Monroe vs. Gabriel Shocks

by Jonathan Scales

Choosing the right set of shocks for your vehicle can mean the difference between a smooth ride and one that leaves you wincing at the thought of the drive home. Both Monroe and Gabriel have a long history of innovation and technology; Choosing which shock to use comes down to personal preference and budget. If you are outfitting your car yourself, make sure you follow the manufacturer's recommendations and purchase a shock that will fit your vehicle properly.

Monroe and Gabriel--Similarities

Isolated shock absorber.

Monroe and Gabriel both offer shocks for cars and light trucks, including specialty items and aftermarket products to help your vehicle's performance on and off the road. Complete, ready-to-install units are available under both brand names. Both companies sell their products on-line or in stores.

Gabriel Specifics

Close up of pistons.

Gabriel shocks feature a 14-mm, hardened, chrome-plated piston that is super-finished to increase its ability to withstand the rigors of everyday driving or off-road adventures. The chamber is filled with high-pressure nitrogen gas and uses floating piston technology. Along with a large 46 mm bore, this increases the responsiveness of the piston enhancing its shock absorbing capabilities. Application-tuned valving increases control and the seamless mono-tube design helps keep the overall temperature of the shock cooler eliminating problems caused by heat. As of January 2011 the average price of a Gabriel shock was $30 to $40.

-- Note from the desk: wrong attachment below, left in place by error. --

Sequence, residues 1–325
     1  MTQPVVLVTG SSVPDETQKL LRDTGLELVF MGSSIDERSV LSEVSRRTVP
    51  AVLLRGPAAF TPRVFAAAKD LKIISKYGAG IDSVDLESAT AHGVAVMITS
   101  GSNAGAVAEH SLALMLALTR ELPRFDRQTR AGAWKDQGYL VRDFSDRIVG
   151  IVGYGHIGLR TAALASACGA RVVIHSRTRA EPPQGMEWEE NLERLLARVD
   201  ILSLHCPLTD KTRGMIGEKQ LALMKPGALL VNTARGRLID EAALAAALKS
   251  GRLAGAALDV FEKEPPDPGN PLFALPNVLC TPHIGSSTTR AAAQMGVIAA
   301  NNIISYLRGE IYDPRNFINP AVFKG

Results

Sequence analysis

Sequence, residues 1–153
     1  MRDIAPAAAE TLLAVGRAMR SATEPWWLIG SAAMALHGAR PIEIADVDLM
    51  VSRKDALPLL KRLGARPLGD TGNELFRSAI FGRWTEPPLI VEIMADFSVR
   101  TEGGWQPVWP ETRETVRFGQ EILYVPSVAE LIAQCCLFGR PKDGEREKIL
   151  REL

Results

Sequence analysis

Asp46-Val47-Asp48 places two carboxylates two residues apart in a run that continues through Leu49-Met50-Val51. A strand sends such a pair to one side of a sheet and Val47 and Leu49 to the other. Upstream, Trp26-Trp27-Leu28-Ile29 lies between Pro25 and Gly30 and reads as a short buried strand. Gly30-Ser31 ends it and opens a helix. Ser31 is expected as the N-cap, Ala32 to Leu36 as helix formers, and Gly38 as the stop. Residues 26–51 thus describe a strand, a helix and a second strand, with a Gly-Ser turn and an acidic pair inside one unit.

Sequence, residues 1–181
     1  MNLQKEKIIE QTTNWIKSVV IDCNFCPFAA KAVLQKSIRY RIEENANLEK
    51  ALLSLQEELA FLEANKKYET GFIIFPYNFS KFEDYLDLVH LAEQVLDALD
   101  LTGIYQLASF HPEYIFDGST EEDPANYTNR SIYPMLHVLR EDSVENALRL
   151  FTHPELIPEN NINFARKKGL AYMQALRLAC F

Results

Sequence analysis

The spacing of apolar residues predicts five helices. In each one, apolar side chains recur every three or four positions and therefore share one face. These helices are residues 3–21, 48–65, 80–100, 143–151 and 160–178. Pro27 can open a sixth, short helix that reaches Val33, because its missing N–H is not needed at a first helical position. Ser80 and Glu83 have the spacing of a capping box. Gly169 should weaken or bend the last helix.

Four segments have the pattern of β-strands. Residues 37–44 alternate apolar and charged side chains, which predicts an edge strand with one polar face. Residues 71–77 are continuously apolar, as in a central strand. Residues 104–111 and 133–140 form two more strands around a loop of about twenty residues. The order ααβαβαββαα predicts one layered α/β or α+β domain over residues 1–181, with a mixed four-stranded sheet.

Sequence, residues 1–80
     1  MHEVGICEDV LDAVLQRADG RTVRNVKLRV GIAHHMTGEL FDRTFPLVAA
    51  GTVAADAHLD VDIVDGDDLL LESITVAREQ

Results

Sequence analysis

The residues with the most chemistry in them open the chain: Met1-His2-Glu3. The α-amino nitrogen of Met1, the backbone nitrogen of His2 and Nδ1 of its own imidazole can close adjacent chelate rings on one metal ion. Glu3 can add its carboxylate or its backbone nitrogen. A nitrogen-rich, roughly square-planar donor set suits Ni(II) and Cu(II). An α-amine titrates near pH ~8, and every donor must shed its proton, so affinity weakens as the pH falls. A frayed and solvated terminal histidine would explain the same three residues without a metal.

Monroe Specifics

Close up of shock absorber.

Monroe shocks have a 1/2 inch nitrocarburized piston rod designed for an extended lifespan. The 1 3/16-inch bore provides efficient control. The fully displaced valving automatically adjusts to driving conditions and can be specifically tuned for each application. Like the Gabriel shocks, Monroe features a nitrogen-filled tube; however, Monroe employs a special self-lubricating seal to help retain gas and avoid excessive wear. They also use an all weather fluid for lubrication to ensure a smooth rod reaction. A groove tube technology with a fluon banded piston enhances responsiveness and allows the shock to keep up with changing conditions. The tapered grooves on the tube function like an additional valve to provide a consistent ride. As of January 2011 the average price of a Monroe shock was $40 to $50.

About the Author

Based in Connecticut, Jonathan Scales has been writing since 2004. His work includes gaming strategies which have been included on game-specific websites as well as training and safety manuals for Shaw Industries. Scales' education comes from the Massey Business College in Georgia, where he received a certificate in business administration.

Photo Credits

  • photo_camera Maksim Toome/Hemera/Getty Images